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Journal Article


Saito S, Kawamura H. Risk Anal. 2024; ePub(ePub): ePub.


(Copyright © 2024, Society for Risk Analysis, Publisher John Wiley and Sons)






Numerous fire accidents have occurred in Japan owing to food overheating when cooking on gas stoves because users left the cooking area unattended. In response, authorities enacted a legal revision mandating temperature sensor installation on gas stove burners. Nevertheless, the actual effectiveness of this measure remains uncertain. Furthermore, prior studies have raised concerns about the efficacy of specific safety standards for consumer products owing to insufficient evidence of reduction in accidents. Consequently, this study seeks to assess the impact of the standards revision implemented in 2008, requiring the placement of safety devices on all gas stove burners. Through a comprehensive analysis, it was aimed to ascertain how these measures have precisely influenced safety outcomes in cooking-related incidents. The data in this study were subdivided to mitigate potential bias from user attributes during data collection. The analysis employed the difference-in-differences method, specifically utilizing one-burner gas stoves unaffected by the standards revision. The data used in this study include accidents associated with gas stoves, spanning the period 2007-2019. To estimate the likelihood of overheating accidents, a binomial distribution model that utilized the Markov chain Monte Carlo methods was applied. For gas stoves with two or more burners, which were affected by the standards revision, the estimated probability of overheating accidents decreased by approximately 80%. In contrast, no decreasing trend was observed for one-burner gas stoves. The analysis suggests that the mandatory installation of safety devices on gas stoves has indeed resulted in a significant reduction in overheating accidents.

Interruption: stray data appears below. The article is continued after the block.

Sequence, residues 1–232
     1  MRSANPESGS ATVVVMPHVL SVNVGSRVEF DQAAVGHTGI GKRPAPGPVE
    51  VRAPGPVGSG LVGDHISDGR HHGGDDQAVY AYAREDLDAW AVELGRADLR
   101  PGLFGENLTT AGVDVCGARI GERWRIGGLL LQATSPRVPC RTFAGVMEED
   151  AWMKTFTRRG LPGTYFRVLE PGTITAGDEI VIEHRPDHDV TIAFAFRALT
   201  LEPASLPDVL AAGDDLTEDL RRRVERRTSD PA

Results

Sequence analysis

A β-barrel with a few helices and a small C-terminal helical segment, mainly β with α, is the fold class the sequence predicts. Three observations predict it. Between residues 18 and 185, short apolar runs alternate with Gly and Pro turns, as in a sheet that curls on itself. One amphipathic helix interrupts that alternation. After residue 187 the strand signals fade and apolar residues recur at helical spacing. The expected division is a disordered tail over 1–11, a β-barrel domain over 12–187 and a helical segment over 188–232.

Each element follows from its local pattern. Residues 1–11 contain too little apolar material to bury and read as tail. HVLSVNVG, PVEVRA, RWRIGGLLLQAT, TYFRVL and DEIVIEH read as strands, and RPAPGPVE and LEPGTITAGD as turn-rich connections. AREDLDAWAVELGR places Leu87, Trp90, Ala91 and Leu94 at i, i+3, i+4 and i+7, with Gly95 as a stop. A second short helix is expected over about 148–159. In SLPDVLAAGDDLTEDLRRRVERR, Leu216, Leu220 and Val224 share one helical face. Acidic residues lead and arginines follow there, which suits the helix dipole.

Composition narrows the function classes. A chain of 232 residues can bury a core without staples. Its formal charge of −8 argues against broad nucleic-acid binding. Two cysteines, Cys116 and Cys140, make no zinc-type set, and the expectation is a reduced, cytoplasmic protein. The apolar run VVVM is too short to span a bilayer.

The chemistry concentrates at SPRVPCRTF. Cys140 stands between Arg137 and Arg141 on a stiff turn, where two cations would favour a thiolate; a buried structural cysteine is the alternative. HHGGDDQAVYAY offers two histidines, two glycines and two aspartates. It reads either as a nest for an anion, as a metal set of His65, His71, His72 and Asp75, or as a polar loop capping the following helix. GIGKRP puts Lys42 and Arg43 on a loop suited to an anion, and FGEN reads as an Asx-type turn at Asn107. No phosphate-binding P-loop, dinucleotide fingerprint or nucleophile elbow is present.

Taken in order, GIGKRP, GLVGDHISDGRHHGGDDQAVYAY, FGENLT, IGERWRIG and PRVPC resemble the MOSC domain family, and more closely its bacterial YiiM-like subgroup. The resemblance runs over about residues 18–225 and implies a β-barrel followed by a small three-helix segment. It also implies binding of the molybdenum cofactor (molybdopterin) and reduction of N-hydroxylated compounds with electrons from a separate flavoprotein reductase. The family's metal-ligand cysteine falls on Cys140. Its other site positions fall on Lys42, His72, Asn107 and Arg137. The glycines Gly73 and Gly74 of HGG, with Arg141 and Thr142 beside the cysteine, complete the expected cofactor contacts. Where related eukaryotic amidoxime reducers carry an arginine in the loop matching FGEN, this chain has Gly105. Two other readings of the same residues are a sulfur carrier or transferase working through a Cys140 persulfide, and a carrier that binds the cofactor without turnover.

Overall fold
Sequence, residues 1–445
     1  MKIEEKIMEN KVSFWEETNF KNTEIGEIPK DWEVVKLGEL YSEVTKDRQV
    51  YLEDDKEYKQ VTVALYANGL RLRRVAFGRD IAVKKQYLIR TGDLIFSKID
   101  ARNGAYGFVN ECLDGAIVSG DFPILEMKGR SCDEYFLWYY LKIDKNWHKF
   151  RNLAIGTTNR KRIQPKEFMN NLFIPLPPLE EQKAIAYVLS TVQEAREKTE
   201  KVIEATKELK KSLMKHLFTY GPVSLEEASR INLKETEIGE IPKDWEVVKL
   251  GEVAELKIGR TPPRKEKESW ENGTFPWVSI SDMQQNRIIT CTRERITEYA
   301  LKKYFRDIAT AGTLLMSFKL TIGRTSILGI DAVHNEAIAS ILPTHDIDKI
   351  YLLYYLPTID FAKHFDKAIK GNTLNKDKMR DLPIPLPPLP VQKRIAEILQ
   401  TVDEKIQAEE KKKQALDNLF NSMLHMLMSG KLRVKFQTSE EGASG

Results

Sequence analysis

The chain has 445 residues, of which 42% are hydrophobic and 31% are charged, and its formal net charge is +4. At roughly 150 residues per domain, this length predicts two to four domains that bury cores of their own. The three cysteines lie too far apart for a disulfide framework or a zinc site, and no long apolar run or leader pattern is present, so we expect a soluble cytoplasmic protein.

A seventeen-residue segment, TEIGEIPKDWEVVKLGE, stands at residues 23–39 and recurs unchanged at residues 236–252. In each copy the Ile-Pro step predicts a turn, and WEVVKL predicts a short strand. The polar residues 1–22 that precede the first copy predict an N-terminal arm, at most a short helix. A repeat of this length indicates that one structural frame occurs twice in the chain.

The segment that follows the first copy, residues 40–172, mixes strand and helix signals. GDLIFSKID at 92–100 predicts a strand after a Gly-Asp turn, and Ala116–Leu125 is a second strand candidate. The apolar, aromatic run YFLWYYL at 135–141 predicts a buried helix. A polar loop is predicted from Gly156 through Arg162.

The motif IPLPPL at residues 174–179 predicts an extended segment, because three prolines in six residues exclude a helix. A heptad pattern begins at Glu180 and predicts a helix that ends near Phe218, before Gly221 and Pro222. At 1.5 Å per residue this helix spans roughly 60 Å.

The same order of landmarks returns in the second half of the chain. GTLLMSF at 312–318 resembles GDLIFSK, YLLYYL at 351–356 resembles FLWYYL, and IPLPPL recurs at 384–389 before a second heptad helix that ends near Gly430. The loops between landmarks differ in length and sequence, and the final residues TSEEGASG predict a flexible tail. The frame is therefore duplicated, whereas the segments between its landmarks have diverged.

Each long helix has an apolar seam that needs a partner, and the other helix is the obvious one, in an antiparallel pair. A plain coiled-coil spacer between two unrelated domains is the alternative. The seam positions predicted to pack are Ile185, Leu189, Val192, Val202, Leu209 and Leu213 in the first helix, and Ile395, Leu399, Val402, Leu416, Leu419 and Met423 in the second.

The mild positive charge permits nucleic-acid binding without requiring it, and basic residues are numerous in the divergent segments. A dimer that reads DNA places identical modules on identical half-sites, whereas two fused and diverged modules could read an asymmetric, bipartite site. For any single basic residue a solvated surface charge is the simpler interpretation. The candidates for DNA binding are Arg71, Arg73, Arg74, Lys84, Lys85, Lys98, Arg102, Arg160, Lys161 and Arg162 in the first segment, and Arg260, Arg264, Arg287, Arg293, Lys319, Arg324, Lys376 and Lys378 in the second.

Language: en


accidents; binomial distribution; difference in differences; gas appliances; indoor safety


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